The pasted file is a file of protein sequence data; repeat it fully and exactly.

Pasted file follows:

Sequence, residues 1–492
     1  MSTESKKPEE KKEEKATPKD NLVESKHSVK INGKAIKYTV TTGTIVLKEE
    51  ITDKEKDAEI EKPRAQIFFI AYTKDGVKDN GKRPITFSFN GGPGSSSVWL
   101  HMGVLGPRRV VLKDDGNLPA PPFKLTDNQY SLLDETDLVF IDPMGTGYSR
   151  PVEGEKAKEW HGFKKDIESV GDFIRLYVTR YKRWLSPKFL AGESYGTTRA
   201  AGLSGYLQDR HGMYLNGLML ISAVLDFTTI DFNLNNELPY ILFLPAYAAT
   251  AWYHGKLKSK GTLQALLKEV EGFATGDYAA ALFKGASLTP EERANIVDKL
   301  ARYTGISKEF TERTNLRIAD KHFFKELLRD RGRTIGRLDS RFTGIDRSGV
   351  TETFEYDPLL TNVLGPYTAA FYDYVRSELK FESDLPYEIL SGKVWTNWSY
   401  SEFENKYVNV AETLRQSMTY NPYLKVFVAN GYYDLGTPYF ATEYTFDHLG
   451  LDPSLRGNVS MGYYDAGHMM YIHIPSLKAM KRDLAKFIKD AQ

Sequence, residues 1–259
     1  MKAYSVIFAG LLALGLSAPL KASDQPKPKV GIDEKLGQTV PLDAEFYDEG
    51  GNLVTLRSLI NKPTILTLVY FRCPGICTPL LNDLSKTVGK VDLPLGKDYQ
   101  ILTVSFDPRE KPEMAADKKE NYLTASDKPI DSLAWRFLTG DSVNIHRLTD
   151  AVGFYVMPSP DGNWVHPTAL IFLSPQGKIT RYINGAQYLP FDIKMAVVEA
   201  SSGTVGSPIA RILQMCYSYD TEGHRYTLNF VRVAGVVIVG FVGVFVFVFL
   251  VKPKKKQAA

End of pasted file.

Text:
Sequence, residues 1–492
     1  MSTESKKPEE KKEEKATPKD NLVESKHSVK INGKAIKYTV TTGTIVLKEE
    51  ITDKEKDAEI EKPRAQIFFI AYTKDGVKDN GKRPITFSFN GGPGSSSVWL
   101  HMGVLGPRRV VLKDDGNLPA PPFKLTDNQY SLLDETDLVF IDPMGTGYSR
   151  PVEGEKAKEW HGFKKDIESV GDFIRLYVTR YKRWLSPKFL AGESYGTTRA
   201  AGLSGYLQDR HGMYLNGLML ISAVLDFTTI DFNLNNELPY ILFLPAYAAT
   251  AWYHGKLKSK GTLQALLKEV EGFATGDYAA ALFKGASLTP EERANIVDKL
   301  ARYTGISKEF TERTNLRIAD KHFFKELLRD RGRTIGRLDS RFTGIDRSGV
   351  TETFEYDPLL TNVLGPYTAA FYDYVRSELK FESDLPYEIL SGKVWTNWSY
   401  SEFENKYVNV AETLRQSMTY NPYLKVFVAN GYYDLGTPYF ATEYTFDHLG
   451  LDPSLRGNVS MGYYDAGHMM YIHIPSLKAM KRDLAKFIKD AQ

Sequence, residues 1–259
     1  MKAYSVIFAG LLALGLSAPL KASDQPKPKV GIDEKLGQTV PLDAEFYDEG
    51  GNLVTLRSLI NKPTILTLVY FRCPGICTPL LNDLSKTVGK VDLPLGKDYQ
   101  ILTVSFDPRE KPEMAADKKE NYLTASDKPI DSLAWRFLTG DSVNIHRLTD
   151  AVGFYVMPSP DGNWVHPTAL IFLSPQGKIT RYINGAQYLP FDIKMAVVEA
   201  SSGTVGSPIA RILQMCYSYD TEGHRYTLNF VRVAGVVIVG FVGVFVFVFL
   251  VKPKKKQAA